15. smgj says:

    Thanks to you all – I went and got myself some heavy duty undergarment. 😀
    And yes – I’m getting wed in knit. (In an informal dress https://mosaic04.ztat.net/vgs/media/packshot/pdp-gallery/L4/22/1C/0H/LI/12/L4221C0HL-I12@10.jpg – it’s both our second weddings and we’re opting for “just getting it done”, with just parents and witnesses. )

    And yes – the dress is looking better on a less bumpy foundation. 😉

  16. Ellen Boykin says:

    This post is about Barbara Pierce Bush’s wedding dress. Wow! She could have used your expertise with the bodice. It looks too big and shows too much! (This is NOT a political comment; just a thought on a wedding gown gone wrong.)
    What do you think about the dress?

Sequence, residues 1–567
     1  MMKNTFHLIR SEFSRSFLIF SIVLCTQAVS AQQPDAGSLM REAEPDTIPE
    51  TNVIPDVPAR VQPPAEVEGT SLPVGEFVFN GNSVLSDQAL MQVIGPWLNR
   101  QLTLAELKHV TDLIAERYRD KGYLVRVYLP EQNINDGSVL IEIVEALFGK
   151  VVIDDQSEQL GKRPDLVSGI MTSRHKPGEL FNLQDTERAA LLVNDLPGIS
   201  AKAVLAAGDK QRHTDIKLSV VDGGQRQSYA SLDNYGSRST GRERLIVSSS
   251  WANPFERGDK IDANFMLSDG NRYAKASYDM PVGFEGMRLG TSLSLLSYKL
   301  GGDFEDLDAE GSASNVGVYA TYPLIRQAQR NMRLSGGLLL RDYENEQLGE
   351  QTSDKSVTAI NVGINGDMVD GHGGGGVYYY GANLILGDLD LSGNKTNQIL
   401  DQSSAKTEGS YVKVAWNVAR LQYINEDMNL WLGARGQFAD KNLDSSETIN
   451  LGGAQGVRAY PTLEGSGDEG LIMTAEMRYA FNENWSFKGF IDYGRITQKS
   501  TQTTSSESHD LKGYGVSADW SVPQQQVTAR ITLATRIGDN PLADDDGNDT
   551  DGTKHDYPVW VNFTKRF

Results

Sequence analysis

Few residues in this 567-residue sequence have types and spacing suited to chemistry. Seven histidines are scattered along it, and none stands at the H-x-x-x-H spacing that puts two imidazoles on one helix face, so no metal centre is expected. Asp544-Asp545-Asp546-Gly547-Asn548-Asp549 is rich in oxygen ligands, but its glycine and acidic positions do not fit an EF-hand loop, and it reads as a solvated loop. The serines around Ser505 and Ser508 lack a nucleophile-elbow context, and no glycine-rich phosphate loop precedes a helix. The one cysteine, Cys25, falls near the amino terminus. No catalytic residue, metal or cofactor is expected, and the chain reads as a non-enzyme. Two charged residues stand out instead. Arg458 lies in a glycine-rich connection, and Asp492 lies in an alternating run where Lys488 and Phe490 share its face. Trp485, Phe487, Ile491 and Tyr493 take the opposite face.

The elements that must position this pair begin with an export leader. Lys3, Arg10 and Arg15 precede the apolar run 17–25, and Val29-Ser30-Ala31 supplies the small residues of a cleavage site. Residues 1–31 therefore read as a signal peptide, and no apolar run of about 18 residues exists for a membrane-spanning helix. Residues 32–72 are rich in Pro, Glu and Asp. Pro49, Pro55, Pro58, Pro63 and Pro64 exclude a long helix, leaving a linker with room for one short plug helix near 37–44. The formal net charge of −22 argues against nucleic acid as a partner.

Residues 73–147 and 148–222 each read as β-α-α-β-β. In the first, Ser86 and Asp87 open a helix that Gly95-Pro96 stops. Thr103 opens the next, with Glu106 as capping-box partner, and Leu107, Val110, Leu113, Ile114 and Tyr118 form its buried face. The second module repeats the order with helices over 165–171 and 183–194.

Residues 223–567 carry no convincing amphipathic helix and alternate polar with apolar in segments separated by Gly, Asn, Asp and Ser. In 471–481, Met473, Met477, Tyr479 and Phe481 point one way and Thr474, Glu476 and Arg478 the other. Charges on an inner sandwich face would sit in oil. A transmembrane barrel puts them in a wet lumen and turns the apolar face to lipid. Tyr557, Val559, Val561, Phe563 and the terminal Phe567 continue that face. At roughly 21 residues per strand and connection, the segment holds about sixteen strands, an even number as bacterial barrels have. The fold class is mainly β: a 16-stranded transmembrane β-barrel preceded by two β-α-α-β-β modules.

• mrsmole says:

      Hi Ellen, I had not seen her dress until you mentioned it. Vera Wang described as “custom ivory silk crepe Very Wang gown featuring a spaghetti strap detail and a cowl draped neckline”. Wow, that sure did reveal a lot of skin and the skirt was revealing clinging to her stomach and thighs. Then I saw the back…not much there either! Some of the photos showed side boob too:
      https://people.com/politics/barbara-bush-married-first-daughter-wedding/

      • Nancy Figur says:

        I agree about that dress. All the money in the world and that is what you wind up with. I thought she is so skinny that she needed more dress. Just not flattering. I am sure she did this small wedding so her grandfather could be there which was so sweet. She seems very sophisticated normally so I wouldn’t expect a ball gown skirt, but the fit could have been better.